When the founders are their own cornerstone investor, limited partners take notice. One placement agent told of a relatively green group that sped to a close by offering $75 million of the $300 million fund they were raising. That type of confidence can inspire both awe and ridicule, but it won't be ignored. Sometimes there's no choice but to start with a patchwork of smaller investors raised from the team's collective Rolodexes, so it may be valuable to examine what one firm did from there.

Arsenal Capital began its fundraising in 2001 and watched as 9/11 slowed the economy to a crawl. With $50 million closed of a proposed $250 million fund, the firm decided to capitalize on the sluggish market and acquired a pair of companies in March and May of 2002 at what Mullen describes as bargain valuations. The strong growth and improved operational performance these two companies generated in the first year testified to Aresenal's investment model, spurring commitments from Adams Street, JP Morgan and Wilshire Associates, on the fund's way to closing oversubscribed.

Sometimes first-time funds avoid approaching cornerstone investors altogether. When Exponent Private Equity spun out from its former parent, the founders decided they would go at it alone to maintain a consistent identity in the marketplace. ?We were portraying ourselves as stepping out from under the umbrella of our parent, so accepting a sizable single sponsor contradicted the case we were making for the value of our independence,? said Richards.

First timers should be aware that just as some limited partners can lend credibility, some might erode it. Several hedge funds in the pool can raise eyebrows since they continue to be seen as trigger happy, even though they're subject to the same time frame as the rest of the LPs. When someone like Time Warner commits a chunk of capital into a first time fund dedicated to media plays, other LPs may feel the commitment was made for objectives beyond merely attractive returns. These strategic players or hedge funds rarely make or break an investment decision, but founders should be aware of which backers are seen as assets to traditional LPs.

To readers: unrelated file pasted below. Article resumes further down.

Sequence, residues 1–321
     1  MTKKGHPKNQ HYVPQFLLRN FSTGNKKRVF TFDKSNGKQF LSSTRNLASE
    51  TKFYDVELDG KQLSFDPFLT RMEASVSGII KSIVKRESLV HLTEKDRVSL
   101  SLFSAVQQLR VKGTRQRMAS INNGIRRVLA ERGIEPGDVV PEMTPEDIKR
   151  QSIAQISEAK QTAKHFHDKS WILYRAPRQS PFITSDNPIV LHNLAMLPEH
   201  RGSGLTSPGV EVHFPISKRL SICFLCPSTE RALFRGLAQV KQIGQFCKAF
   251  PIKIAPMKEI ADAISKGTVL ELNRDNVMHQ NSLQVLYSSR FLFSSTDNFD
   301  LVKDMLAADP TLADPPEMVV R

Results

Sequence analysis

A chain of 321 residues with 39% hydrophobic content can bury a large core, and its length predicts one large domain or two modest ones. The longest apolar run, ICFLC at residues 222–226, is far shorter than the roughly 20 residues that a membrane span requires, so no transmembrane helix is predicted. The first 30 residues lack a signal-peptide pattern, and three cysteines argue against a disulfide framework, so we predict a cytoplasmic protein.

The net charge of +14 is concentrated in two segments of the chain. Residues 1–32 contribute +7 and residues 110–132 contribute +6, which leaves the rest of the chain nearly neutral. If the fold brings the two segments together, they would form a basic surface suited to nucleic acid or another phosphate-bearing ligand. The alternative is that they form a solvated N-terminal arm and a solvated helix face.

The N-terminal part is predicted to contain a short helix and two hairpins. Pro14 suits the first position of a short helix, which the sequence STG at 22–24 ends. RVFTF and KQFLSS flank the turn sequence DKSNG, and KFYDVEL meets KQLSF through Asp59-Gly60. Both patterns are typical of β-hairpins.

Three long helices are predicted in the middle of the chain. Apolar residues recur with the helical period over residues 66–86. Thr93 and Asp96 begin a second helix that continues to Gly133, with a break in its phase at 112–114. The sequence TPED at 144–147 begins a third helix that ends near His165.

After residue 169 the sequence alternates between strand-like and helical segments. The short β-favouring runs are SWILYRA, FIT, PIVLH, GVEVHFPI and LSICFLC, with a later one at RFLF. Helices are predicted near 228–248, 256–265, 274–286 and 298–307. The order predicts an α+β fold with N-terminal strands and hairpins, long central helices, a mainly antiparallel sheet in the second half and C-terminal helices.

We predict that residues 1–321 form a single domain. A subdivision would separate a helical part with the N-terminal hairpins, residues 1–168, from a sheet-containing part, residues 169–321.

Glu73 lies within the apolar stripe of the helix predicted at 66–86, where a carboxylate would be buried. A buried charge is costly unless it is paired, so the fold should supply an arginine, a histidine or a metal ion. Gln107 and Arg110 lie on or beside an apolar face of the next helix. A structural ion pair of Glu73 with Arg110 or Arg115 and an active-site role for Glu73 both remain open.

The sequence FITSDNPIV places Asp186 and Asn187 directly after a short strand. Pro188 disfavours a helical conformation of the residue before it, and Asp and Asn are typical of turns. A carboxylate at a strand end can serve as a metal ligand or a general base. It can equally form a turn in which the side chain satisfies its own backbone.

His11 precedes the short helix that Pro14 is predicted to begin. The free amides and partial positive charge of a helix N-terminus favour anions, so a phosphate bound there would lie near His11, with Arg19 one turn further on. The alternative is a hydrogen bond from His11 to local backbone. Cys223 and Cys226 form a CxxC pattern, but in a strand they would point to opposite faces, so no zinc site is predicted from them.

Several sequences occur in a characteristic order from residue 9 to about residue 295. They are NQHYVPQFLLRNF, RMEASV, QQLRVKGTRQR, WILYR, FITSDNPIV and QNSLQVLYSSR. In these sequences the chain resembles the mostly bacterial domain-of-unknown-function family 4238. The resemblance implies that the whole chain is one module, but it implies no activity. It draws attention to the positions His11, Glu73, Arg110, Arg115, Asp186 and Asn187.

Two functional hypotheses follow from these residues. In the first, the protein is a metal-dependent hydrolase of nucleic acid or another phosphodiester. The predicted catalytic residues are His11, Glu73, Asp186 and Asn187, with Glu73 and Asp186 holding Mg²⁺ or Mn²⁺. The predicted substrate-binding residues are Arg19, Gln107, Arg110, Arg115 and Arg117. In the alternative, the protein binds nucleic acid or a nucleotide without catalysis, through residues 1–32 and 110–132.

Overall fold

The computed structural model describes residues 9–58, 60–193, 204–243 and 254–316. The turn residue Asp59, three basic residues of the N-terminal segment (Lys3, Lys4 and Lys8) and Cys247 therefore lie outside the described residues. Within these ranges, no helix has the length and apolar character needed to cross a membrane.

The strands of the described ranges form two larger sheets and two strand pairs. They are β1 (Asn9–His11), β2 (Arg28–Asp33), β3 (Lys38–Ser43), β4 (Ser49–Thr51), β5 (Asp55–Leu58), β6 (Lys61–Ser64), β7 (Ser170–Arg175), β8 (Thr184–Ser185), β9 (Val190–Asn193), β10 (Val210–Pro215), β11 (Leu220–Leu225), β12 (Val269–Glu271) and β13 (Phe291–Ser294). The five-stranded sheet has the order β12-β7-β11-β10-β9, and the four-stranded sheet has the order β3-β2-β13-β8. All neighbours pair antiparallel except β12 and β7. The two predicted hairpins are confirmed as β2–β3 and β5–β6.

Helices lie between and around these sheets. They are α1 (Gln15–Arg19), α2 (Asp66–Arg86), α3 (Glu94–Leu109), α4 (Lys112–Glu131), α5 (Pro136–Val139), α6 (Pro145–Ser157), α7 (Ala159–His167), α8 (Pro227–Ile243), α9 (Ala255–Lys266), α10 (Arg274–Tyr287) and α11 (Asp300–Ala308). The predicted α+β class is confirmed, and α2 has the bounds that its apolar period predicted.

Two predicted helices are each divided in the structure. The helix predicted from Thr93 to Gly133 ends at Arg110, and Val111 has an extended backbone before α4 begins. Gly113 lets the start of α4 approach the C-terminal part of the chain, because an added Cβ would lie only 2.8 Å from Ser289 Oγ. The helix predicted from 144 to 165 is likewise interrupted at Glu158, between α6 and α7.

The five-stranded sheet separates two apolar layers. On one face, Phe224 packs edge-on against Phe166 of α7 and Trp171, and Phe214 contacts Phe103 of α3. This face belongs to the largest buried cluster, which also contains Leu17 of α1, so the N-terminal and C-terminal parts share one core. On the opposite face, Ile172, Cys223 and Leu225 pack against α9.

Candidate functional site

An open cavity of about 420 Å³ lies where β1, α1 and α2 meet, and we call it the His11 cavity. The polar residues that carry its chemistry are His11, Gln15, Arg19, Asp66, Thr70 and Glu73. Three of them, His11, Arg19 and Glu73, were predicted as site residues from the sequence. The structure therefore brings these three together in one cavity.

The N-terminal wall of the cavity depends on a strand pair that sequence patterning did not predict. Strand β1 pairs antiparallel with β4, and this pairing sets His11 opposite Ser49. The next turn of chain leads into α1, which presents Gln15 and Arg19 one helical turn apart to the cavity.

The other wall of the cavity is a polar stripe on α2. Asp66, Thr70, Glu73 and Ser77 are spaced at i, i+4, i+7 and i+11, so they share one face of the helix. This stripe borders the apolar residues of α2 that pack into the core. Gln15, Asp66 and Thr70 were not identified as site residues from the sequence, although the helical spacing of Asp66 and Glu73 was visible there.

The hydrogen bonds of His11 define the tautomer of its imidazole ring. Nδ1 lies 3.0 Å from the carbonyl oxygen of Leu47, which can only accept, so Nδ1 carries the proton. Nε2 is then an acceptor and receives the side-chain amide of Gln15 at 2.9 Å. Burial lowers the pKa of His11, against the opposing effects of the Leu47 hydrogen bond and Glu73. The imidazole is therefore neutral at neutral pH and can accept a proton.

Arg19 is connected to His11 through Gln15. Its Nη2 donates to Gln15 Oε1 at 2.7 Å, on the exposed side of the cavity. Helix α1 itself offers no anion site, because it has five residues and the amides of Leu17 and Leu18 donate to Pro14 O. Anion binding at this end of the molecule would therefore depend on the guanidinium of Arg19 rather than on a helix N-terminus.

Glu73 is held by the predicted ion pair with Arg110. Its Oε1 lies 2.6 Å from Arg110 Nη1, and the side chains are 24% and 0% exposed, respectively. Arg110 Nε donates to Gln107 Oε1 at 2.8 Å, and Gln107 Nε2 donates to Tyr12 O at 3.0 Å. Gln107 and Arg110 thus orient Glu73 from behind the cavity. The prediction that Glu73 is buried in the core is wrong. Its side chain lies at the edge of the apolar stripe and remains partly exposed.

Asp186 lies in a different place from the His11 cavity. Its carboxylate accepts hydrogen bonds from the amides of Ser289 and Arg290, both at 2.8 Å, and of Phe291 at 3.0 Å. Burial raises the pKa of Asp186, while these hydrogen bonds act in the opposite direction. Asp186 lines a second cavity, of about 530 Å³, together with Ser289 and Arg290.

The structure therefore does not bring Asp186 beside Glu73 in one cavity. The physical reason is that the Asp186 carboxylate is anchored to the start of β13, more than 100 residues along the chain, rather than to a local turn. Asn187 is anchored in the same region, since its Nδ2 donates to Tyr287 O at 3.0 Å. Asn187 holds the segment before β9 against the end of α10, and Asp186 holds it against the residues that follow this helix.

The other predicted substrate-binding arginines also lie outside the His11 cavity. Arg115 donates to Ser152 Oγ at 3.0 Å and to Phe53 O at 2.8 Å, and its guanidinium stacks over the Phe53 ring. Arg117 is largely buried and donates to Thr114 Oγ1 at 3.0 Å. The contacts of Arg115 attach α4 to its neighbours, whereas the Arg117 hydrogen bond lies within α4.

The cost of the affairHistorically, the organization and syndication costs for starting a debut fund was 0.01% of the capital raised (or $300K for a $300 million fund), though in recent years fundraising expenses have increased. Today it's not unusual for the budget to be $600K or more for a $300 million fund. Below is a rough breakdown of the costs related to launching a $300 million middle market fund over a 24-month time frame, without accounting for salaries drawn down by principals prior to the management fee. Estimates including compensation push the numbers upwards into the $850K to $1 million range. This information was supplied by a US placement agent.

Legal services $250K
Travel, and other networking expenses $100K
Placement agent ($100,000 per year retainer) $200K
Marketing materials (PPM, term sheet, business cards, etc.) $125K
Total $675K

No second chance
Making the right impression with anchor investors.
For a first time fund, a commitment from a prestigious institution provides far more than monetary support. It validates the team's investment case by extending the LP's credibility to the fund. The broader LP community views a substantial commitment by a sophisticated investor as less a gamble than an educated guess. Great reputations are built on an enviable record of LP returns, which demonstrates some savvy due diligence. If a fresh-faced team earns their confidence, what other investors wouldn't take a closer look? Now given the value of such investors, how does a first time fund go about winning them over?